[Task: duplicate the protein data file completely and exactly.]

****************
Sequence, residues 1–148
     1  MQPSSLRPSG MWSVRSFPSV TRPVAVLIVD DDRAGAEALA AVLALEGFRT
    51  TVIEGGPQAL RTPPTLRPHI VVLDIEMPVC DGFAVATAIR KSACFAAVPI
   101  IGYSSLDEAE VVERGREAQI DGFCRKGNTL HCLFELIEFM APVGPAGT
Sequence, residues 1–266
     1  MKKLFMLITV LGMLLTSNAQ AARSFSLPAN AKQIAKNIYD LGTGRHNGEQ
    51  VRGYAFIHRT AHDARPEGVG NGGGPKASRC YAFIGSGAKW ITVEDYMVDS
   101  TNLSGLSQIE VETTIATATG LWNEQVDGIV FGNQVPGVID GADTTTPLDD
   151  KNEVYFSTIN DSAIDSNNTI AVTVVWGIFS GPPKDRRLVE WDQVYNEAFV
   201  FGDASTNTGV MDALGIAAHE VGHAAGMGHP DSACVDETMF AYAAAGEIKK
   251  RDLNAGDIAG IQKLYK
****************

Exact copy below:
Sequence, residues 1–148
     1  MQPSSLRPSG MWSVRSFPSV TRPVAVLIVD DDRAGAEALA AVLALEGFRT
    51  TVIEGGPQAL RTPPTLRPHI VVLDIEMPVC DGFAVATAIR KSACFAAVPI
   101  IGYSSLDEAE VVERGREAQI DGFCRKGNTL HCLFELIEFM APVGPAGT
Sequence, residues 1–266
     1  MKKLFMLITV LGMLLTSNAQ AARSFSLPAN AKQIAKNIYD LGTGRHNGEQ
    51  VRGYAFIHRT AHDARPEGVG NGGGPKASRC YAFIGSGAKW ITVEDYMVDS
   101  TNLSGLSQIE VETTIATATG LWNEQVDGIV FGNQVPGVID GADTTTPLDD
   151  KNEVYFSTIN DSAIDSNNTI AVTVVWGIFS GPPKDRRLVE WDQVYNEAFV
   201  FGDASTNTGV MDALGIAAHE VGHAAGMGHP DSACVDETMF AYAAAGEIKK
   251  RDLNAGDIAG IQKLYK